Ontario Election

No candidate has a base
in the Italian west end
of Eglinton-Lawrence

TORONTO – Created in 1999, Eglinton-Lawrence in situated in the heart of central Toronto. The district is bordered by roads like Highway 401, Yonge Street and Eglinton Avenue West. The residents are predominately middle class, and many small businesses are integral to the area’s local economy.

Eglinton-Lawrence is home to a diverse population and reflects a variety of cultural groups such as Italian, Filipino and Jewish communities. Statistics Canada says 10,740 residents self-identify as Italian Canadian (as per the 2016 Census). That represents 9% of the district’s population. They have a culture of voting.

Robin Martin, the incumbent, seeks her second term in office and to hold the seat for the PC. In 2018, she took the riding from the Liberals when she won with 40.4% support of the electorate (19,999 votes). She beat the Liberal incumbent by 957 votes. That year, the Liberals took 38.5% of the vote, followed by the NDP at 18.1%.

This year, things appear to be shaping up for a tough competition between the Liberals and the PC.

When contacted, Martin shared her Party’s message: “to build a stronger economy that will create good jobs for all Ontarians”. On the topic of senior care, she highlighted parts of the PC party’s plan to invest in home care and “upgrade 256 beds at Villa Colombo”.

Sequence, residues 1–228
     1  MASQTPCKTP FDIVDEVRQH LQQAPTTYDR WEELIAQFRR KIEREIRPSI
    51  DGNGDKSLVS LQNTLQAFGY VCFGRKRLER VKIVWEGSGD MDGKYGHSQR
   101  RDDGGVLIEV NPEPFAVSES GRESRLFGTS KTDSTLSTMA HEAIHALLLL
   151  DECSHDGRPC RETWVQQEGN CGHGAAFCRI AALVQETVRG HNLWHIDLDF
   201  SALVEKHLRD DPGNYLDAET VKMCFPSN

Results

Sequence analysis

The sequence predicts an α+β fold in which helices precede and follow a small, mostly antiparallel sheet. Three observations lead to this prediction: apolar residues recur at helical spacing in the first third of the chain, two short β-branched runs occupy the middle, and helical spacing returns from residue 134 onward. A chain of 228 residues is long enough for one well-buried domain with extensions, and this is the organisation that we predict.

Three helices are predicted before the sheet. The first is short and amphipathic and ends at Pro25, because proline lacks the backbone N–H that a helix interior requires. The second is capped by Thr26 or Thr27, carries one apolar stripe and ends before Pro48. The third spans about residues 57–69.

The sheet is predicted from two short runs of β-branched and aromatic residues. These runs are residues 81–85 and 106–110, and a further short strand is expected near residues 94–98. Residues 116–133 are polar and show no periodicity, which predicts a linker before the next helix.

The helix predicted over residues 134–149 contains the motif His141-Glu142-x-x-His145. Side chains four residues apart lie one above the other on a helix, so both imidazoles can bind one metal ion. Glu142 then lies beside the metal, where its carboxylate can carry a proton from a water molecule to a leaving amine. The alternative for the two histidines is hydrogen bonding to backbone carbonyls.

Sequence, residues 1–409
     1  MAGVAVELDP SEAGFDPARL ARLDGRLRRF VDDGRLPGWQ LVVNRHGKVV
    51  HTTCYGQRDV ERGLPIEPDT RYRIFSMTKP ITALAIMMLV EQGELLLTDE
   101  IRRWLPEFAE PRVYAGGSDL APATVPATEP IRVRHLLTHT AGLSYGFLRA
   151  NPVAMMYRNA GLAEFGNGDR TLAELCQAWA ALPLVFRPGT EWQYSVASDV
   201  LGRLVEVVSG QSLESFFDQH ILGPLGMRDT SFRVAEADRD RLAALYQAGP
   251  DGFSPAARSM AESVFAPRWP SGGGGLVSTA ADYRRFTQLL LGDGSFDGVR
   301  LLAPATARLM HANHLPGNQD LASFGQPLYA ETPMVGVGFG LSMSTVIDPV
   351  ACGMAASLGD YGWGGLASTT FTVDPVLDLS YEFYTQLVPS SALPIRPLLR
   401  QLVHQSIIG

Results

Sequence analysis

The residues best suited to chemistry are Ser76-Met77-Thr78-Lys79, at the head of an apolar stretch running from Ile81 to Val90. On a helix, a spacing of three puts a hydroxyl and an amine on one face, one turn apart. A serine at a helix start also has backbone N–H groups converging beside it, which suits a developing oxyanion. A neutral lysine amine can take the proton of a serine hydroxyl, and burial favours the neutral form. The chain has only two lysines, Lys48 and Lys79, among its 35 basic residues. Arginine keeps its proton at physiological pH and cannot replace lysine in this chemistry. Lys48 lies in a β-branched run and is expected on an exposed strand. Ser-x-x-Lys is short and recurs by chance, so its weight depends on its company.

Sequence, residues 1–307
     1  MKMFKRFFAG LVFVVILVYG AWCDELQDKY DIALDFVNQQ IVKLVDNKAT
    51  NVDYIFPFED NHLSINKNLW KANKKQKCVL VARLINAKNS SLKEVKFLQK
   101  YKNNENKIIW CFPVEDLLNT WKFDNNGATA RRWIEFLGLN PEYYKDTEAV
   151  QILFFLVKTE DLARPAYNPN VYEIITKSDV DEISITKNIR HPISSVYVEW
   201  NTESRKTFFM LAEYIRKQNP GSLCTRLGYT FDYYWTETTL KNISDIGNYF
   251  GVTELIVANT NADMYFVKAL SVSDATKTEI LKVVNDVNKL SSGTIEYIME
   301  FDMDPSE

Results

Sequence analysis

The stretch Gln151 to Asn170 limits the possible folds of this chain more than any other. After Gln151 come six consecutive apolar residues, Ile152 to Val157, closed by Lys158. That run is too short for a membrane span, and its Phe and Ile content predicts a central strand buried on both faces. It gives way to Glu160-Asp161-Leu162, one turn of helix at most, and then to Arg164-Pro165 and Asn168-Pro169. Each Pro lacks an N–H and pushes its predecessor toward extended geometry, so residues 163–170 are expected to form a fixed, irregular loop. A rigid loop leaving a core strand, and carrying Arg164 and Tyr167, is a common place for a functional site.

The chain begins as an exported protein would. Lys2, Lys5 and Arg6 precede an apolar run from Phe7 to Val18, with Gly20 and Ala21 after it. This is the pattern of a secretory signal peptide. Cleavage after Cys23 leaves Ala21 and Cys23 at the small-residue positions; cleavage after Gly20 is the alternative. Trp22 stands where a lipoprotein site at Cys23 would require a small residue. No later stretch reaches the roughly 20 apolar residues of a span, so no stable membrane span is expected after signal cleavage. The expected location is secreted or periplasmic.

Her close contender, Arlena Hebert, aims to reclaim the district for the Liberals. She acknowledged the riding’s diversity, the “strong Italian community” and the small businesses that form the constituency. “We need to ensure these communities and local businesses are supported”, Hebert added. She pointed to her Party’s platform to support middle-class families by reducing transit fares, introducing new worker benefits and boosting seniors’ pensions.

The NDP candidate Natasha Doyle-Merrick is also vying for the post. She said, “affordability and access to health care, childcare and education are crucial issues”, for constituents in the riding. She backs her Party’s plan to reform, “stronger institutions that reflect the needs of all Ontarians”.

The political landscape in Eglinton-Lawrence is poised for change. According to the most recent projections by 338Canada.com (May 15), the Liberals are in the lead at 40%. The prediction model uses algorithms and considers all major polls. It indicates that the PC, at 39%, trail by 1-point, followed by the NDP at 13%.

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P. Pajdo is a Local Journalism Initiative Reporter

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